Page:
New pictures of the Sun taken just 77 million km (48 million miles) from its surface are the closest ever acquired by cameras.
They come from the European Space Agency’s Solar Orbiter (SolO) probe, which was launched earlier this year.
Among the UK-assembled craft’s novel insights are views of mini-flares dubbed “camp fires”.
These are millionths of the size of the Sun’s giant flares that are routinely observed by Earth telescopes.
Whether these miniature versions are driven by the same mechanisms, though, is unclear. But these small flares could be involved in the mysterious heating process that makes the star’s outer atmosphere, or corona, far hotter than its surface.
“The Sun has a relatively cool surface of about 5,500 degrees and is surrounded by a super-hot atmosphere of more than a million degrees,” explained Esa project scientist Daniel Müller.
“There’s a theory put forward by the great US physicist Eugene Parker, who conjectured that if you should have a vast number of tiny flares this might account for an omnipresent heating mechanism that could make the corona hot.”
Whatever their role, the camp fires are certainly small – which may explain why they’ve been missed up to this point, says David Berghmans, from the Royal Observatory of Belgium and the principal investigator on the probe’s Extreme Ultraviolet Imager (EUI).
“The smallest ones are a couple of our pixels. A pixel corresponds to 400km – that’s the spatial resolution. So they’re about the size of some European countries,” he told reporters. “There may be smaller ones.”
The European Space Agency (Esa) satellite was despatched on a rocket from Cape Canaveral in the US in February. Its mission is to reveal the secrets of our star’s dynamic behaviour.
The Sun’s emissions have profound impacts at Earth that go far beyond just providing light and warmth.
Often, they are disruptive; outbursts of charged particles with their entrained magnetic fields will trip electronics on satellites and degrade radio communications.
SolO could help scientists better predict this interference.
“The recent situation with coronavirus has proved how important it is to stay connected, and satellites are part of that connectivity,” said Caroline Harper, the head of space science at the UK Space Agency. “So, it really is important that we learn more about the Sun so that we can predict its weather, its space weather, in the same ways we’ve learned how to do (with weather) here on Earth.”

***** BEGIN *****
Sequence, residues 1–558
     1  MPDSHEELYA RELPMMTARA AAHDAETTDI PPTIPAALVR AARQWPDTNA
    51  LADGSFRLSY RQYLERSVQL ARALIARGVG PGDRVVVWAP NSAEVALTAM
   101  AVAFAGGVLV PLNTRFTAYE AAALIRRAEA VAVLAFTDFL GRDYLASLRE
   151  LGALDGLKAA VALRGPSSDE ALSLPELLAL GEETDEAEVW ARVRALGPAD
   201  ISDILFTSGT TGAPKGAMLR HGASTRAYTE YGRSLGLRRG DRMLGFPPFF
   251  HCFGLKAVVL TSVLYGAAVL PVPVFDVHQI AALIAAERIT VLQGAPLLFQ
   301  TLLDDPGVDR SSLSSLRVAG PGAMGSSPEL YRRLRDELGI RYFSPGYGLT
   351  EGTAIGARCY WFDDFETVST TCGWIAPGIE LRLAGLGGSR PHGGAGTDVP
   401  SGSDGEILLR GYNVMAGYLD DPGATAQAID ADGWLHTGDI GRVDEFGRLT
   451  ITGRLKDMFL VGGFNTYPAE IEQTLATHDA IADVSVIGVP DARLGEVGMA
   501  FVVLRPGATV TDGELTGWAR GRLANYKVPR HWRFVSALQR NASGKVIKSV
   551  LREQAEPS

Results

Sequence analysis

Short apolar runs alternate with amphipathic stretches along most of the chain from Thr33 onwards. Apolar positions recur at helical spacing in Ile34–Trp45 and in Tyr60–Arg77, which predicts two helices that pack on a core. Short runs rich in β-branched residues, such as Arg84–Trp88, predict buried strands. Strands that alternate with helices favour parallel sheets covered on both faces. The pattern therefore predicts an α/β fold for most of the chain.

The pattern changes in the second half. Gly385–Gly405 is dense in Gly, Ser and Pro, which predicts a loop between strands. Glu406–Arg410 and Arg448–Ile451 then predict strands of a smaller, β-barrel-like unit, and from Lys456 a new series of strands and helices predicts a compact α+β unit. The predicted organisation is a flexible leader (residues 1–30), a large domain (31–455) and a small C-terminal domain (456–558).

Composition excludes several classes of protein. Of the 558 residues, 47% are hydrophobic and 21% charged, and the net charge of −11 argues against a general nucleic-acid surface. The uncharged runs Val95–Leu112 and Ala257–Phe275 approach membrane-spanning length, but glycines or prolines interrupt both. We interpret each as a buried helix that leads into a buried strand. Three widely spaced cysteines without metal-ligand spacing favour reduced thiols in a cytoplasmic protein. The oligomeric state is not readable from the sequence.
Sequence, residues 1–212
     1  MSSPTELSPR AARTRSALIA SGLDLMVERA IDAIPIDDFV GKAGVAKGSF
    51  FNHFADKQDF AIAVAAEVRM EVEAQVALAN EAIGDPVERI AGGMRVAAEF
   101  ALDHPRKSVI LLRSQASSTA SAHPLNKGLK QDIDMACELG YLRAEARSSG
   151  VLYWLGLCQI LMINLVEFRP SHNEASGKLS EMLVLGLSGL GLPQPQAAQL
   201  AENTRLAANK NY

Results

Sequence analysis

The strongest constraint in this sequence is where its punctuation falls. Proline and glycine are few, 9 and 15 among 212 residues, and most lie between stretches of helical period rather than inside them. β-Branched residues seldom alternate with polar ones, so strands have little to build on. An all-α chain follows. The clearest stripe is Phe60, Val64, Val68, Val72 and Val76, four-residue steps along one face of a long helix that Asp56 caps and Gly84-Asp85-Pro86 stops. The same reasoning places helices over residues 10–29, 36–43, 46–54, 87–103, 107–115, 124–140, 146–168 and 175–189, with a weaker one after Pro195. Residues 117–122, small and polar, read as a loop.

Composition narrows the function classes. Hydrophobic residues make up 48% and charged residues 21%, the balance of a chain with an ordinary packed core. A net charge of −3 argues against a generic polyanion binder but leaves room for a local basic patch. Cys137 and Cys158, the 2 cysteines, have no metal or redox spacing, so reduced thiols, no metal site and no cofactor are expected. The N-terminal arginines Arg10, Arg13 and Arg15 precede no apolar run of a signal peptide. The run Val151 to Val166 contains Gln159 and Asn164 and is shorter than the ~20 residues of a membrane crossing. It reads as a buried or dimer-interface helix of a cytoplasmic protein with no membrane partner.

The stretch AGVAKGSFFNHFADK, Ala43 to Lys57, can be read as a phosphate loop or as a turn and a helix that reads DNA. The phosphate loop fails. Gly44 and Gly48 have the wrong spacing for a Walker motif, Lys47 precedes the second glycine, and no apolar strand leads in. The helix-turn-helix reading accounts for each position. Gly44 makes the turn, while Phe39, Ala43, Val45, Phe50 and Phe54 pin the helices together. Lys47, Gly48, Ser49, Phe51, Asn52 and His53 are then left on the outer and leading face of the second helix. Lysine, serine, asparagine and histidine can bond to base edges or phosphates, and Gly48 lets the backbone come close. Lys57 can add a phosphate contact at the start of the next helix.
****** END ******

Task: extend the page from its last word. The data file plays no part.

Solar Orbiter has been set on a series of loops around the Sun that will gradually take it closer still – ultimately to a separation of less than 43 million km.
That will put SolO inside the orbit of the planet Mercury.
The pictures showcased on Thursday come from the most recent near pass, known as perihelion. This occurred in mid-June, inside the orbit of Venus.
For comparison, Earth sits about 149 million km (93 million miles) on average from the Sun.
To be clear: while the new images have been taken from the closest ever vantage point, they are not the highest resolution ever acquired. The largest solar telescopes on Earth will always beat SolO on that measure.
But the probe’s holistic approach, using the combination of six remote sensing instruments and four in-situ instruments, puts it on a different level.
Esa’s senior advisor for science & exploration, Mark McCaughrean, told BBC News: “Solar Orbiter isn’t going closer to the Sun just to get higher-resolution images: it’s going closer to get into a different, less turbulent part of the solar wind, studying the particles and magnetic field in situ at that closer distance, while simultaneously taking remote data on the surface of the Sun and immediately around it for context. No other mission or telescope can do that.”
It will be a couple of years yet before Solar Orbiter makes the first of its very close encounters with the Sun (at a distance of 48 million km).
As the mission progresses, SolO will, with the gravitational assistance of Venus, also lift itself out of the plane of the planets so that it can more easily see the Sun’s poles. “Terra incognita”, as Sami Solanki, from the Max Planck Institute for Solar System Research and PI on Solo’s Polarimetric and Helioseismic Imager, likes to call these regions.
It’s at the poles where we may finally learn the fundamentals of the Sun’s magnetism.
“We know that the magnetic field is responsible for all the activity that the Sun produces, but we don’t know how the magnetic field itself is produced,” Solanki said.
“We think it’s a dynamo that is doing that inside the Sun, similar to the dynamo inside the Earth. But we really don’t know how it functions. But we do know that the poles play a key role.”
Holly Gilbert, the Solar Orbiter project scientist at the US space agency, Esa’s major partner on the mission, enthused about the science ahead.
“If we’ve already made some discoveries with just the ‘first light’ images, just imagine what we’re going to find when we get closer to the Sun, and when we get out of the ecliptic. Very exciting.”